While the original Blade Runner was shot almost entirely on Warner’s backlot and stages, 2049 was based in and around Budapest. “Ridley had done The Martian there [at Korda Studios],” reports production designer Dennis Gassner, “so when London fell out, we abided with some structures found in Hungary, along with what we could build on stage. One thing that Roger, Denis and I all share is the desire to control every element. That’s what this film is about – the first one too, though they had different tools from our CG and digital matte paintings – creating a very precise impression, along with scale.”
When Gassner began working with Villeneuve in Montreal, he asked for a single word that described the director’s concept. “He paused, then said, ‘Brutality,’” Gassner reveals. “That word also sums up winter in Montreal – pictures don’t do it justice,” he smiles.
Gassner says weather elements affected his approach to architecture as well. “The original’s Tyrell building showed Ridley’s monolithic approach to the world, so we tripled that, expanding to a harsher architectural style evolved in response to the battering elements,” the designer continues. “While this is a speculative future – our thought was hybrid tech, a pseudo-Anbaric [transmission] power source – it doesn’t mean technology has made things easier. The situation is such that things still seem very challenged.”
Blade Runner’s famed visual futurist, Syd Mead, who developed the spinners – along with the so-called “retrofit” style of future L.A. – also contributed design work for 2049’s Las Vegas sequence. With significant credits on Tron, 2010, Aliens and the first Star Trek feature, Gassner describes Mead as “practically a metaphor for himself. You know the quality of what you’re going to get, along with his signature, which was the look for Ridley’s original film.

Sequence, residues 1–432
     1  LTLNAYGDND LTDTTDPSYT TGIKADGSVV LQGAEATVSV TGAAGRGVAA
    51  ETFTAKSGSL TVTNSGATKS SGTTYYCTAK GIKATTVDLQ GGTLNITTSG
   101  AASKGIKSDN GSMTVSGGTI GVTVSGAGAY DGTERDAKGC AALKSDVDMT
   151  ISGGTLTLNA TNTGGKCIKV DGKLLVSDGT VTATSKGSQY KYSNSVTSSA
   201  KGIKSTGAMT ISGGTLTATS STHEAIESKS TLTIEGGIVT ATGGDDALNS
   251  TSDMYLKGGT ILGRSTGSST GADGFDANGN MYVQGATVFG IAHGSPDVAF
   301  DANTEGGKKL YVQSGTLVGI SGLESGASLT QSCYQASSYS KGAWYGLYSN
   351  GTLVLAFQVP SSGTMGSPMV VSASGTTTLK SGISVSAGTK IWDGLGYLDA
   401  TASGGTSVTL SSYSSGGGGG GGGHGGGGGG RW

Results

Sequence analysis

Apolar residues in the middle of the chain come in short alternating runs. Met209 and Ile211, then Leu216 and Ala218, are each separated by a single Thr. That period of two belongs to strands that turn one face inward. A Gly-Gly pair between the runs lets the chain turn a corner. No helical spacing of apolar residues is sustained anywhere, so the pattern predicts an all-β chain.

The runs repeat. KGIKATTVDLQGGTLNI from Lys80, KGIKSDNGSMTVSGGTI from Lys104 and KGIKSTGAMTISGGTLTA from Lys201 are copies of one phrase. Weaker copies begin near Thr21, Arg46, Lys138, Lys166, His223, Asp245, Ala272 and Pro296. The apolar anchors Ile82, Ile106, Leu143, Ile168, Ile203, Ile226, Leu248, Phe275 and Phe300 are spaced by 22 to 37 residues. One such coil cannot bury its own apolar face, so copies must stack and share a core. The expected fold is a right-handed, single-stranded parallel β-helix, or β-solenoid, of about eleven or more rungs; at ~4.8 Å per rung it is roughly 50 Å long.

“With franchises,” Gassner adds, “you have to honor the established elements while meeting audience expectations. I’m about to do my fourth James Bond film, and acknowledging the efforts of Ken Adam and others is a big part. But we still need to make it new for ourselves, and on 2049, that meant expanding the poetry that Denis brought.”
Deakins and Villeneuve concurred on shooting with ALEXAs (XT Studio, augmented by the Plus and Mini cameras) and capturing in 3.4K to Codex in MXF/Arrriraw. “We decided to shoot this open-gate, like Sicario,” Deakins shares. “I did shoot tests with the ALEXA 65, which produces fantastic images, but for this project it just didn’t feel right.